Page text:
The article “White privilege: Unpacking the invisible knapsack.’ gives awareness on the privileges given to the white population. It shows how the author carefully words the factors and constructs faced by white privileges in society. The author goes into great detail to show the daily life privileges he is provided with for being white, which he ties in later showing how the social constructs of being white privileged is carried out.
As Peggy McIntosh says in the beginning, “I was taught to see racism only in individual acts of meanness, not in invisible systems conferring dominance on my group.” What she means by this is that everyone has been taught to see racism as something that is affecting the society, but never been taught to look at how or why society has been affected the way it has. She also makes another great comparison by saying “I think whites are carefully taught not to recognize white privilege, as males are taught not to recognize male privilege.” Her statement helps show the difference between individual and institutional racism because she separates the two, institutional being a racism form that is expressed in social groups, and individual being an act of racism that can occur at a subconscious level.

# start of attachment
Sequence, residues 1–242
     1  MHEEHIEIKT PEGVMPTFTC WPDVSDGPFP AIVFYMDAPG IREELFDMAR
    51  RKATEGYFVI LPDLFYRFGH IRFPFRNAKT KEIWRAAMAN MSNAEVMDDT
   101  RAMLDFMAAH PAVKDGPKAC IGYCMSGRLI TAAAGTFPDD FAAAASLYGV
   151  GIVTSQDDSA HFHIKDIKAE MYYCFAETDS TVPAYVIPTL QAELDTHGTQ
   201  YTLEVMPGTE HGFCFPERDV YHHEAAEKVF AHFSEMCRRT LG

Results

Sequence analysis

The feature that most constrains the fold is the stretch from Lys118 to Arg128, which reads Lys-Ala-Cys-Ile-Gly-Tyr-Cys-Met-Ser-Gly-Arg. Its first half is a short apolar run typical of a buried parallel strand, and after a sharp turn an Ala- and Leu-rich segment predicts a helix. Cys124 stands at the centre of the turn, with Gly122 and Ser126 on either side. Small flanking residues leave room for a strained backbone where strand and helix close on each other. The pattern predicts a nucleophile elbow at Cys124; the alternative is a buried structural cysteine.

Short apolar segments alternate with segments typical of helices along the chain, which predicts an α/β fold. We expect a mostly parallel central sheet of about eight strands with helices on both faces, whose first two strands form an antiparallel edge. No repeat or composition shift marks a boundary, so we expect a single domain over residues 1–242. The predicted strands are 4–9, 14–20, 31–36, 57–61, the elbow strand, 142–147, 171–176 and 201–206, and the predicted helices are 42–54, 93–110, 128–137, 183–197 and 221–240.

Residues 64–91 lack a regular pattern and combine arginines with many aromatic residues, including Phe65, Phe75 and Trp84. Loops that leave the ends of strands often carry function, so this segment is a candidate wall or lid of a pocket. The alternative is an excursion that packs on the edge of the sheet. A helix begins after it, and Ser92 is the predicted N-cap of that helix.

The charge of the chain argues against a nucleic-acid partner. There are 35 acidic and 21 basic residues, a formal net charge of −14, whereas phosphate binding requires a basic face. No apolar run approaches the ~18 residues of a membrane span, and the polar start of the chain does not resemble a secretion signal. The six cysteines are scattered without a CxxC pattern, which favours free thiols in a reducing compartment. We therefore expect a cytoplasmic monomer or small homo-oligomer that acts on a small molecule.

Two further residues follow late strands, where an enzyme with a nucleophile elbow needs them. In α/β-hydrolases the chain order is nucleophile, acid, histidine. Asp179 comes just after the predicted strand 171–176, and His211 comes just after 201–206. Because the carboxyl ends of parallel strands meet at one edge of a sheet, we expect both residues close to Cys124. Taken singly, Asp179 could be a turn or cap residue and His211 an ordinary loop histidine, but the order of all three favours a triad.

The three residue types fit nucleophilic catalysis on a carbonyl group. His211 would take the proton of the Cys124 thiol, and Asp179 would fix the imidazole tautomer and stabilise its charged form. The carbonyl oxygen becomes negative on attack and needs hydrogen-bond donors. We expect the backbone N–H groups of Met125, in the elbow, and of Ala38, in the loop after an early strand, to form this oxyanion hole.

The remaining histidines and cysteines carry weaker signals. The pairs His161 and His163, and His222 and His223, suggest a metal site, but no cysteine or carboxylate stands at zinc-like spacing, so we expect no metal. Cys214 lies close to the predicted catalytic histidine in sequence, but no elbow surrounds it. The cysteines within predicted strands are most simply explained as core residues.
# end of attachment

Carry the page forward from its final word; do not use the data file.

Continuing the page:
“I can be pretty sure that my neighbors in such a location will be neutral or pleasant to me.”
This statement relates with me because I am of Asian/Indian ethnicity. In some neighborhoods, there may be underlying worries about how people of color will be treated. This may be due to the fact of certain areas containing like-minded races disliking other races.
“If I want to, I can be pretty sure of finding a publisher for this piece on white privilege.”
This statement also relates with me because the truth and reality of the matter is regardless of what sympathy and realities we may have, we will always be loyal to our own race. It may not represent the person’s mindset, but it justifies the invisible knapsack placed under white privilege.
McIntosh, P. (1990). White privilege: Unpacking the invisible knapsack. Independent School, 49(2), 31.